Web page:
MASERU – Lesotho’s top court Thursday upheld a law that bars princesses from succeeding their fathers as traditional chiefs, a decision that activists say dealt a “serious blow” to women’s rights and gender equality.
Constitutional Court Judge Ts’eliso Monaphathi ruled the current law is not discriminatory, as it allows for the wives of a chief to become his successor.
“Only a male first born of the chief may take up the chieftainship, failing which, if the chief has no other son, the wife of the chief may take over the chieftainship,” said Monaphathi.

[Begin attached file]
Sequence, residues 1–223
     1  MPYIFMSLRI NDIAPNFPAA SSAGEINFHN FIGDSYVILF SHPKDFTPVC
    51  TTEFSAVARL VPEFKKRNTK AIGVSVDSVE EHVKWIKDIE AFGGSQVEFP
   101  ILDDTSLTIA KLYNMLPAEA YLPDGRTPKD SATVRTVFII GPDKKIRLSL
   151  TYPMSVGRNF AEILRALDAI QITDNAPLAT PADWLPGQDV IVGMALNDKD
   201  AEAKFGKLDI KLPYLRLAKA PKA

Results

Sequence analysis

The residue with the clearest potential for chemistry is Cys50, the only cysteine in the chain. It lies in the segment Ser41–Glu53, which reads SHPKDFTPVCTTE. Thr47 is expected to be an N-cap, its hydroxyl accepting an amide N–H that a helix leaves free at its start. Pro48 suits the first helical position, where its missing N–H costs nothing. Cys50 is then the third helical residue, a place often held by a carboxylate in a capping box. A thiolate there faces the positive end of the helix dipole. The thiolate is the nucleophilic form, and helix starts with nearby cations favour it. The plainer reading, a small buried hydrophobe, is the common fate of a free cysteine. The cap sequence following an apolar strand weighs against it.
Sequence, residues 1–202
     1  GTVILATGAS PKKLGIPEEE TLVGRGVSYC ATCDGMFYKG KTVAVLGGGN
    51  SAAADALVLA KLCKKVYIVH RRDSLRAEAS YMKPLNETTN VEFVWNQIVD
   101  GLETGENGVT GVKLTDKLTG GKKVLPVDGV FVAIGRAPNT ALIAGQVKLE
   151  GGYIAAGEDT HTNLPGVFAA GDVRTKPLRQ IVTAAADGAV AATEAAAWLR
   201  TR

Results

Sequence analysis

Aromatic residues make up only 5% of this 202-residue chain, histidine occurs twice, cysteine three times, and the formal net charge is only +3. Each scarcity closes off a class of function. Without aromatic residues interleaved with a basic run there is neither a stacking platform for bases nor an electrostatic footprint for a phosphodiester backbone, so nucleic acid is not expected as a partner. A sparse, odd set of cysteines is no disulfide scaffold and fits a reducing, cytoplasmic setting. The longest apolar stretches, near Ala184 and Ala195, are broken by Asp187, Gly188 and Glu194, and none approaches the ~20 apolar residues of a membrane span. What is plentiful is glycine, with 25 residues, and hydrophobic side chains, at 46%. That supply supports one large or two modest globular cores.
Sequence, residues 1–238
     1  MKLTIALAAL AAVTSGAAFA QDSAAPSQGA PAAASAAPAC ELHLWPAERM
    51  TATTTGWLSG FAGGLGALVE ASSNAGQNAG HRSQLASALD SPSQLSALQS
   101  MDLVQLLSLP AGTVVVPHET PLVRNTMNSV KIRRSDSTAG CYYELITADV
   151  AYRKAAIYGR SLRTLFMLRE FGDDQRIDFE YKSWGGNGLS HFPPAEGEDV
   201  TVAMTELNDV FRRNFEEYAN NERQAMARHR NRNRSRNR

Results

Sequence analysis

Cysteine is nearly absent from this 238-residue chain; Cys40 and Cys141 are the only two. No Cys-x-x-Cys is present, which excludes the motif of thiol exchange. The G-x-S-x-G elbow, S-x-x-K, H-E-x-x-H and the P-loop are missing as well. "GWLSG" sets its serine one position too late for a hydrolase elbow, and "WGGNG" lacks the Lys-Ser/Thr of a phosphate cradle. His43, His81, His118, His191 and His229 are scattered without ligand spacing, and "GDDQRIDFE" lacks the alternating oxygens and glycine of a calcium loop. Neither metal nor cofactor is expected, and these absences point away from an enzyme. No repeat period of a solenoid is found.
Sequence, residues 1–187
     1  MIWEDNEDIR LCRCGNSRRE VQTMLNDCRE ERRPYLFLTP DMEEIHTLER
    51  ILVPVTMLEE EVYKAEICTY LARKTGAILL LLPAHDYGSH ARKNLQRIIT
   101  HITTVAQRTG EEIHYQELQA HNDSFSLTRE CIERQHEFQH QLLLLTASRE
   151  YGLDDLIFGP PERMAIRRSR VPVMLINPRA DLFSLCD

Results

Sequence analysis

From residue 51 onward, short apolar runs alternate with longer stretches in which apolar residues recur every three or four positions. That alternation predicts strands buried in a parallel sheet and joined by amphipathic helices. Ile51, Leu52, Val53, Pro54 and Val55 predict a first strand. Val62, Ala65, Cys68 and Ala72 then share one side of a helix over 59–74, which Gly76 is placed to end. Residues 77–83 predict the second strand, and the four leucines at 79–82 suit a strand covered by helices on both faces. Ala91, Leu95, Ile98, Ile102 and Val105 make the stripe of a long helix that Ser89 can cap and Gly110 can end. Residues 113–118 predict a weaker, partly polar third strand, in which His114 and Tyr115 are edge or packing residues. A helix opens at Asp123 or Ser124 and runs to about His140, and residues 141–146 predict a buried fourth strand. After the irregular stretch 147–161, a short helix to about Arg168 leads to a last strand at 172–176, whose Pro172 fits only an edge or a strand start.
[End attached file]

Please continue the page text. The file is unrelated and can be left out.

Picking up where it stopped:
“This shows that women are not discriminated against, but have to be in a certain position to take over the vacant position.”
The landmark case was brought by Senate Masupha, the first-born child of a chief who died and was replaced by her mother, who has also since died.